Here's some food for thought to gain some easy wins with your approach play.
Do you know your yardages?
A real key to improving your approach play is knowing your yardages. Don’t let your ego get in the way. Play with the conditions, your average (not longest) yardages, and be better at playing within yourself. Hitting the right distance gives you the same chance to hit it close as trying to hit it straight, but you are less likely to get into trouble. One of the biggest findings in Mark Brodies strokes gained journey was understanding the number of club level golfers who come up short with their approach play. Many stats packages will now show you your dispersion and where you tend to miss, great information for you and your coach.
Sniper vs Buckshot
Even the best players create a spread of shots, like buckshot, when hitting the shots, rather than the laser like skill of a sniper that many amateurs seem to think they possess. So, should you really be aiming straight at that flag, or would hitting the green be a better goal? Are you good enough to hit it exactly where you want? Often, aiming away from the flag and toward the side of the green with more room pays dividends. You will miss greens. FACT. It is therefore important to miss the green in the right place. Yes there’s a right place to miss. Unless you are less than 100 yards from the green, giving yourself permission to aim for the heart or safer part of the green rather than taking dead aim at the flag will yield much better results in the long run. It’s a skill to develop, as aiming away from the flag is harder than it sounds.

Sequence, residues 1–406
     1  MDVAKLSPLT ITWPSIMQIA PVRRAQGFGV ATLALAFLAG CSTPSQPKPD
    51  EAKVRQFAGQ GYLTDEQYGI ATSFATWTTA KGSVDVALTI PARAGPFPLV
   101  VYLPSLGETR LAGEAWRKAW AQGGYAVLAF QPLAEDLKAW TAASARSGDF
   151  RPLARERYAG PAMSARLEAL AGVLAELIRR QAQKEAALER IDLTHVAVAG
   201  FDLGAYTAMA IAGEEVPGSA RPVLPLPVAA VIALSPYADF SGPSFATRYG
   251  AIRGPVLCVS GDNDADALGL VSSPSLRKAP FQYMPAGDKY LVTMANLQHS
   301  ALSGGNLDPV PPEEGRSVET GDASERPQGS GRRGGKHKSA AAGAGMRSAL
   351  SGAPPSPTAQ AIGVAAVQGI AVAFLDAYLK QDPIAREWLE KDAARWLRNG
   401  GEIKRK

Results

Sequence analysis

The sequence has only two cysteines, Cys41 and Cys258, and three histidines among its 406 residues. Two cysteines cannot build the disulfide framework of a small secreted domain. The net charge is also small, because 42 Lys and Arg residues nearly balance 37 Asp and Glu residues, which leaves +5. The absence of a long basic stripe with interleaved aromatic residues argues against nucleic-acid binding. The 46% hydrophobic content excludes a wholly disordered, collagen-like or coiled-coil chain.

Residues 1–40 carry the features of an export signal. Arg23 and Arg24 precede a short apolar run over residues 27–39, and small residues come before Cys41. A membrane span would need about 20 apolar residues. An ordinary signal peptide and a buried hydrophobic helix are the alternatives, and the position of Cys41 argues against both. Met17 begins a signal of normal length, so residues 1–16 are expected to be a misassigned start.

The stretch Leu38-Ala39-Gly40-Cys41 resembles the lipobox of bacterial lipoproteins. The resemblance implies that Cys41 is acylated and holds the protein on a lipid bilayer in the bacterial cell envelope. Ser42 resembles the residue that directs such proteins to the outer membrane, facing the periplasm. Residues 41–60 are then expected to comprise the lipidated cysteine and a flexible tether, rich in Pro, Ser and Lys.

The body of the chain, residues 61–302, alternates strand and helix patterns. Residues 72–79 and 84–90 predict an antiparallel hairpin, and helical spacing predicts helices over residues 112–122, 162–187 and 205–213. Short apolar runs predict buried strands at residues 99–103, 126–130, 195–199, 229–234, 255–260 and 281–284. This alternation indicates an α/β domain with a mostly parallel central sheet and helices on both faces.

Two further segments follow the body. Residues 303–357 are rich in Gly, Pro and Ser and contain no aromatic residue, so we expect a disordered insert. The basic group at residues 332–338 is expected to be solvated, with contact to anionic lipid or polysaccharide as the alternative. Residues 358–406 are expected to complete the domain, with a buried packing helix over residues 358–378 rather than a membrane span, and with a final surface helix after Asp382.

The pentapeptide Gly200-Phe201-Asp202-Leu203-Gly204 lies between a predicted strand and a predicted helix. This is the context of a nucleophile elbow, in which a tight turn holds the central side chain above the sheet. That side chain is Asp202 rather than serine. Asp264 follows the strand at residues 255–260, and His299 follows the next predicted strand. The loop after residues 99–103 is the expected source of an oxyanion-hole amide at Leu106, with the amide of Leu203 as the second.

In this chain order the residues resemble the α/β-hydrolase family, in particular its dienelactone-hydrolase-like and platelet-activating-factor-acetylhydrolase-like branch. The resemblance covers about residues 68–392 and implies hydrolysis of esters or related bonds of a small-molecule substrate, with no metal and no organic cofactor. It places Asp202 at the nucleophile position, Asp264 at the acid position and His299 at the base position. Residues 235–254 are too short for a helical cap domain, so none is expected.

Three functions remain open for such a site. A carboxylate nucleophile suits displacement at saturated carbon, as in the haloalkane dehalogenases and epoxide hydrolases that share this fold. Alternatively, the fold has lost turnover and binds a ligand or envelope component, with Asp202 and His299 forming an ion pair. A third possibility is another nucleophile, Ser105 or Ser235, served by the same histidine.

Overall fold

Are you using a measuring device?
This works both ways but if you know your yardages but don’t use a measuring device then you are seriously doing yourself a disservice. Two main things to remember here: measuring devices that show you how far to the front and back of the green will give most golfers a clearer picture of a space to hit the shot into. Very few golfers hit the ball too far so using the back of green number as a guideline can often be better than the flag itself. The second thing to think about is even when you know your numbers do not just zap the flag and choose that number, you have to think about where the ball needs to land and could potentially finish, and then factor in all other environmental factors including wind, slope, ground conditions, as well as how you’re hitting it today.
I’m a Shotscope Ambassador and work with my players to aid their game management and strategy. If you’re interested in finding out more, email me: email@example.com
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